Karl Polanyi: The Great Transformation
Markets have long existed, but market society is something radically new. So argues the economist and sociologist Karl Polanyi in his most famous work, The Great Transformation. For much of human history, economic life was organized by non-market mechanisms: kinship, religion, warfare, centralized authority. With the rise of the nation-state, social and economic life underwent a “great transformation,” resulting in the emergence of what Polanyi calls market society. Pre-existing economies were displaced, and social relations were re-ordered to subordinate society to the needs of a totalizing, self-regulating market. So thorough was the triumph of market logic, and so devastating its dislocations, that without countermeasures, Polanyi argues, “human society would have been annihilated.” What are the origins of market society—i.e., capitalism? And, what can The Great Transformation teach us about not only the nature of market society (and its apparent tendency to crisis), but also the collective and subjective experience of living within it?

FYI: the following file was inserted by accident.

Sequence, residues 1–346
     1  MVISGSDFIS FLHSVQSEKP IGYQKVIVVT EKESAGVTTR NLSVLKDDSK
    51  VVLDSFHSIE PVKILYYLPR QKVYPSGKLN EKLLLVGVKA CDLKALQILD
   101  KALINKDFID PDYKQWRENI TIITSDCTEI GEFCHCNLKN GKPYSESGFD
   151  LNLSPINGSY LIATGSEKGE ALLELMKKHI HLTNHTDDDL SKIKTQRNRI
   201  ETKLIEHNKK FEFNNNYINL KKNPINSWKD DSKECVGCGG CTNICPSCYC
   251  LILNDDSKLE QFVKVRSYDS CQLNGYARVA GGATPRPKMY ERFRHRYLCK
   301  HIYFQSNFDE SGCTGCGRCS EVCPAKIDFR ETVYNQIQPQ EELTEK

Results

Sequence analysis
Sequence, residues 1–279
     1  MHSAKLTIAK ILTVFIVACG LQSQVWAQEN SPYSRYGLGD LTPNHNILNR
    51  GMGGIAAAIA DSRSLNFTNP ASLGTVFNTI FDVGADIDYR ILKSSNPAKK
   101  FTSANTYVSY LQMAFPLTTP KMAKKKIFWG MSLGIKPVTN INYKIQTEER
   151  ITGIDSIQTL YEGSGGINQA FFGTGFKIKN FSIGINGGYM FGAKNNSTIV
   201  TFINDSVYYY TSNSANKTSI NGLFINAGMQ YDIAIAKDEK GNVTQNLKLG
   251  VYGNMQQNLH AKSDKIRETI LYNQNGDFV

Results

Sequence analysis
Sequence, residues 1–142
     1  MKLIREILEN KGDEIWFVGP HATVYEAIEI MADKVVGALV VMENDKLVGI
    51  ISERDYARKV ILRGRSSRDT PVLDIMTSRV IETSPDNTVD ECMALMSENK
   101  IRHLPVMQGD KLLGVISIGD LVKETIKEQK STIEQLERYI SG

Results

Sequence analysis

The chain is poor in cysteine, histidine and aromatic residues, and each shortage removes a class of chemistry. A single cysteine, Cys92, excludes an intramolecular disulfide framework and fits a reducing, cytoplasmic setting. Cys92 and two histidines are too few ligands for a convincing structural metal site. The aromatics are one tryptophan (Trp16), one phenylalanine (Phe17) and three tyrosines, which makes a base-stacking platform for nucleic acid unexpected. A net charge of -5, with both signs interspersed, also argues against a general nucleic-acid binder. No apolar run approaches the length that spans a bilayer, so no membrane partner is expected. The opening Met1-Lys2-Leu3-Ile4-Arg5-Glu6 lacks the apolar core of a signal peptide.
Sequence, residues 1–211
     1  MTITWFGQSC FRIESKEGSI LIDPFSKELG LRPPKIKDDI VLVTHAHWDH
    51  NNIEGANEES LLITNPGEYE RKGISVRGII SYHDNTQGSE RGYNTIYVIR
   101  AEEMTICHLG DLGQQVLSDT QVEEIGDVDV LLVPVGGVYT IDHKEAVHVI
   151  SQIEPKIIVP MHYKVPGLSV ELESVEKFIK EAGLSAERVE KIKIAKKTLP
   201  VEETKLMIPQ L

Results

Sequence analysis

In this course, we will read The Great Transformation in its entirety, paying particular attention to its accounts of pre-capitalist society, the emergence of so-called market society, the functions of markets, and the “countermeasures” that Polanyi argues are necessary to the maintenance of social life under market-dominant conditions. Why, for Polanyi, is market society so intimately intertwined with the political form of the nation-state? Are markets in some sense political creations (was laissez-faire, we might cheekily asked, planned)? How does The Great Transformation account for the economic, political, and human disasters of the 20th century? How does Polanyi differ from Marx? And, what can The Great Transformation teach us about market society in the context of hyper-technological, financialized, 21st-century life?
Course ScheduleTuesday, 6:30-9:30pm EST
July 21 — August 11, 2020
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